Breanne Everett - 2016 Governor General's Innovation Awards Winner
This article was originally written and submitted as part of a Canada 150 Project, the Innovation Storybook, to crowdsource stories of Canadian innovation with partners across Canada. The content has since been migrated to Ingenium’s Channel, a digital hub featuring curated content related to science, technology and innovation.
Dr. J. Breanne Everett is the CEO and co-founder of Orpyx, as well as a medical doctor and resident in plastic and reconstructive surgery at the University of Calgary.
Breanne Everett co-founded Orpyx Medical Technologies to develop her idea for shoe insoles that prompts patients with diabetic foot conditions to move their feet to improve blood flow. This unique, wearable technology has improved users’ quality of life and reduced health care costs by decreasing the risks of sores, infection and amputation caused by diabetes-related nerve damage and poor circulation. She was named one of Avenue Magazine’s Top 40 Under 40 in 2012, and the University of Calgary’s Graduate of the Last Decade in 2014. She is a Loran National Scholar, who serves as an active member of the Loran Alumni Community, and is a member of the scientific review board of the Pedorthic Research Association of Canada.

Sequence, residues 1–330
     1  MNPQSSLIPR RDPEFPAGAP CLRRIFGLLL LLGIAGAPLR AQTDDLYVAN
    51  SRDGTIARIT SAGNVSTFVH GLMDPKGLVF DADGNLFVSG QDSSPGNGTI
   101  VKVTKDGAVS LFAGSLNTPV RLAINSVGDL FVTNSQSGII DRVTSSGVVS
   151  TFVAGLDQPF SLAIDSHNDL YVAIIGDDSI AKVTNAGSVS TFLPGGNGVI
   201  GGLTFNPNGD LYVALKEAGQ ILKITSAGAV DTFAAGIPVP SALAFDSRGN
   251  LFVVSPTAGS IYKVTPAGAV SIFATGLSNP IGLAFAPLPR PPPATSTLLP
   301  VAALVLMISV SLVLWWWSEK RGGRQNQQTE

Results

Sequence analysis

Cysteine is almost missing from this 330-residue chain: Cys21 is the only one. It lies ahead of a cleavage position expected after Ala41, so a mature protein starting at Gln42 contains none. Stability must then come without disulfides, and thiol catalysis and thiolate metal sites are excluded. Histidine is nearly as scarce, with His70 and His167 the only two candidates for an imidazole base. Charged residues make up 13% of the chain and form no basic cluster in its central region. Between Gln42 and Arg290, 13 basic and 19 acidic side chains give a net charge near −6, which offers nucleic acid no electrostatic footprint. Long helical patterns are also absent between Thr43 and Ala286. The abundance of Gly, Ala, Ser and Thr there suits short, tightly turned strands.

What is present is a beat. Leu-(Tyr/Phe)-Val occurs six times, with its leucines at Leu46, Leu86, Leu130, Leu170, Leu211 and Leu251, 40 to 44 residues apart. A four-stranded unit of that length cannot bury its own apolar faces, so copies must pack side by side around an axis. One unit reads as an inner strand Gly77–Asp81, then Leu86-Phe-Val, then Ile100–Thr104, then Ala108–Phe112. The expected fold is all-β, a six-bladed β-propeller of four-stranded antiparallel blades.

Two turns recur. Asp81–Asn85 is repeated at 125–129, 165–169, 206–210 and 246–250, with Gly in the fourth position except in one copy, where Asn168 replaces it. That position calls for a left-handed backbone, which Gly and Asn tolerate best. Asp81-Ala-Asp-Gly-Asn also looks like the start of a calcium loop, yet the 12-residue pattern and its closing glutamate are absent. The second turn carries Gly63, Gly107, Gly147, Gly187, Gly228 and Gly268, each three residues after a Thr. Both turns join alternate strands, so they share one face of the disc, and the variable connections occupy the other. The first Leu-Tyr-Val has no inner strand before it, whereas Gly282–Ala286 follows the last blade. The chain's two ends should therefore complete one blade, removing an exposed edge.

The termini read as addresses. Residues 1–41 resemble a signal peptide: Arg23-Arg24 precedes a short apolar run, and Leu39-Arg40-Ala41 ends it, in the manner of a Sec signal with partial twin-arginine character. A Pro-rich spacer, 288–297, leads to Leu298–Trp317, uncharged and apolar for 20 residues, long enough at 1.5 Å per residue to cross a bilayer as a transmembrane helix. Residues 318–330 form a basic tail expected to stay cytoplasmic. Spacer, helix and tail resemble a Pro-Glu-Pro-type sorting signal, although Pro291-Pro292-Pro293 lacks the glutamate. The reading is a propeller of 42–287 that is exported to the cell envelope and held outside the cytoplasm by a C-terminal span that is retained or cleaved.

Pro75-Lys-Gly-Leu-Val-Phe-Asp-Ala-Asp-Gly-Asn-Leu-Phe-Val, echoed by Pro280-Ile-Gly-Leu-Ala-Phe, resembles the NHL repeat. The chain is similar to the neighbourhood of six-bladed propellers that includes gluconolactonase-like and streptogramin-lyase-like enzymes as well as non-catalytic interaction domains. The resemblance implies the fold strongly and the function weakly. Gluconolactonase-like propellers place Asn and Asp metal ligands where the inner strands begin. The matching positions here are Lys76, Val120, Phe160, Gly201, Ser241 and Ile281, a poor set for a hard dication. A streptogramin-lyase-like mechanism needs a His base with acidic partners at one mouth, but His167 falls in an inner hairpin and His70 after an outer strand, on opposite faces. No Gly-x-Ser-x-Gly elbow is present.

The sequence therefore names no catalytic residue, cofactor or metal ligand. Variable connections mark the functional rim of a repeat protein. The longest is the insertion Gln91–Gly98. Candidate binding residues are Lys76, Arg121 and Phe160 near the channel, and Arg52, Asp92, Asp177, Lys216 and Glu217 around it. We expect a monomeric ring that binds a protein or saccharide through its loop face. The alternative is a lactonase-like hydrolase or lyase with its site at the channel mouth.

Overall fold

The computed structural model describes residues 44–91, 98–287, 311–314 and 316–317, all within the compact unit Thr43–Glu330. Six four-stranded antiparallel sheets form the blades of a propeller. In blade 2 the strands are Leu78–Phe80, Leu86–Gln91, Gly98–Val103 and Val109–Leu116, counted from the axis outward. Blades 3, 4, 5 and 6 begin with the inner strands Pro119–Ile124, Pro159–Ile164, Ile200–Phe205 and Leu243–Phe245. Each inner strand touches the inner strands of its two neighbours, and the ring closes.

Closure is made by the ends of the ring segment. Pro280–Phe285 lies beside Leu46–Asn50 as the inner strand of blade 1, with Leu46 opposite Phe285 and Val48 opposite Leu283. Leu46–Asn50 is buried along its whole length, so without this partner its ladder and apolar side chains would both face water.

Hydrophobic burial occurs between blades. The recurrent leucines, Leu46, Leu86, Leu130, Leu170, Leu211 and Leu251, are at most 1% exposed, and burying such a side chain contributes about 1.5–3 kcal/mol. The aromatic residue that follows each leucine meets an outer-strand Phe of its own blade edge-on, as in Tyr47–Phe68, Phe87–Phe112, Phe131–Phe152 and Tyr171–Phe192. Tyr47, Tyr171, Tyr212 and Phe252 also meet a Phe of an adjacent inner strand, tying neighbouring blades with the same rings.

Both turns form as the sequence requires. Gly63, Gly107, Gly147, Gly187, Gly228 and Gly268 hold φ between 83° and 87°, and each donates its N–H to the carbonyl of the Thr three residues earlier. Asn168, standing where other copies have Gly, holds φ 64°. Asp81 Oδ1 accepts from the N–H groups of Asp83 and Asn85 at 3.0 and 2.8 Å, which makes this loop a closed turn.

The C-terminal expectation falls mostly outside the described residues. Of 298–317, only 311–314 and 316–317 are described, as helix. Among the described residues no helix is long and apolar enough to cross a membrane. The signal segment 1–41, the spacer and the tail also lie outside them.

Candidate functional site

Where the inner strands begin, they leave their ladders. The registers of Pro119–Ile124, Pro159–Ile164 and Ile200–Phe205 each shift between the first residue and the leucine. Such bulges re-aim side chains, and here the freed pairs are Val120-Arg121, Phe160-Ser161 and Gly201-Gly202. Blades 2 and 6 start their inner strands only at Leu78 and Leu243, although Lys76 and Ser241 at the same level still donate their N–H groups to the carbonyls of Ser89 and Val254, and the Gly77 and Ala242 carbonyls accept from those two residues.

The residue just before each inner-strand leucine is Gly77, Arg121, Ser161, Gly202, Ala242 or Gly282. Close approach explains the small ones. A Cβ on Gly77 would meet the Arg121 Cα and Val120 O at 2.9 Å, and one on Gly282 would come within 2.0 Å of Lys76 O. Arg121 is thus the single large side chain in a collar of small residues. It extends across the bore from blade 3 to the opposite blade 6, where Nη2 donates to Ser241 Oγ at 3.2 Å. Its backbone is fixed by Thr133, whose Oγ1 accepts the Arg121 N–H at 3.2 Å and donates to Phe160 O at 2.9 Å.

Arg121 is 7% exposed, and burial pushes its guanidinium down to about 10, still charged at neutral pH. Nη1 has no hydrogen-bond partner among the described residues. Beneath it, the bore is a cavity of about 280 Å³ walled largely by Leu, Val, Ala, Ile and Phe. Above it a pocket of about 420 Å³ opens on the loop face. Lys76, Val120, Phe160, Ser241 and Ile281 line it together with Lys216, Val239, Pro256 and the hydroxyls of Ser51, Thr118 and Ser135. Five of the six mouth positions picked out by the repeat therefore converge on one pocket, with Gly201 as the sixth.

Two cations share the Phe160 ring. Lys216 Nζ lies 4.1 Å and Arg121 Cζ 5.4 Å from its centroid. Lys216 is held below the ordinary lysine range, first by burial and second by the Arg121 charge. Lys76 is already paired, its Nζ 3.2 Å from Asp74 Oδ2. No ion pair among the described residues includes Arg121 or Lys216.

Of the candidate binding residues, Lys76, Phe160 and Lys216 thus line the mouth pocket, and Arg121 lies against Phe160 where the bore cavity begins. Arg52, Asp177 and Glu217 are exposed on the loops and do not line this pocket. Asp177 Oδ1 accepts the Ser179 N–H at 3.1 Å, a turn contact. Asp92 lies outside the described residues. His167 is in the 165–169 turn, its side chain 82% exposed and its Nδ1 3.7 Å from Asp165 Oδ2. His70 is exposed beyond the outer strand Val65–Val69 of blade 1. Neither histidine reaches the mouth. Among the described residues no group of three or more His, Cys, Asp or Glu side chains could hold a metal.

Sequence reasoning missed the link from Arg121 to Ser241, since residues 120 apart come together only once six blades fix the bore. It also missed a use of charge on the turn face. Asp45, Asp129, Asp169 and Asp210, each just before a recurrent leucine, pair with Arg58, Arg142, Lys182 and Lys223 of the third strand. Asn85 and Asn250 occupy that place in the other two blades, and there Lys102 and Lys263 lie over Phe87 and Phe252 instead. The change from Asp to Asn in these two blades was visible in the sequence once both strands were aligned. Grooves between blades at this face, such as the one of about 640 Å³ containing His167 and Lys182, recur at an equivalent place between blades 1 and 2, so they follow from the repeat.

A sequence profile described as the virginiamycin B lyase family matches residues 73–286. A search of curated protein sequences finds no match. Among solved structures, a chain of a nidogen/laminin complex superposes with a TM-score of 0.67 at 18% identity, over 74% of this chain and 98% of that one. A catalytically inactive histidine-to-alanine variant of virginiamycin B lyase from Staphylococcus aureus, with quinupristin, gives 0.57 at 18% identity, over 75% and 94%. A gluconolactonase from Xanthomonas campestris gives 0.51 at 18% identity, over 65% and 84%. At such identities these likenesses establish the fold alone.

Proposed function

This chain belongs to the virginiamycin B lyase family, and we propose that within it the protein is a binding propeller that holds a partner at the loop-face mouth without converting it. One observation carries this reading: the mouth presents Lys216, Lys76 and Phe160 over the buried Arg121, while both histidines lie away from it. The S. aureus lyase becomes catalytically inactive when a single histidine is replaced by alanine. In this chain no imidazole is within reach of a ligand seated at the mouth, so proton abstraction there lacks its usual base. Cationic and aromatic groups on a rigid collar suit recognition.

On May 18, 2016, Ms. Everett was one of the first six individuals to receive the inaugural Governor General’s Innovation Awards.
Announced in June 2015, the Governor General’s Innovation Awards inspire Canadians to embrace innovation and to emulate innovative, entrepreneurial risk-takers who have developed new or better ways of creating value and who are having a meaningful impact on our quality of life. For more information, visit https://innovation.gg.ca/.
Breanne Everett hopes to make a huge dent in diabetic foot care. The co-founder of Orpyx Medical Technologies created a unique, wearable technology that has improved users’ quality of life and reduced health care costs by decreasing the risks of sores, infection and amputations caused by the diabetes-related nerve damage and poor circulation. Watch this video to learn more about this Canadian innovation.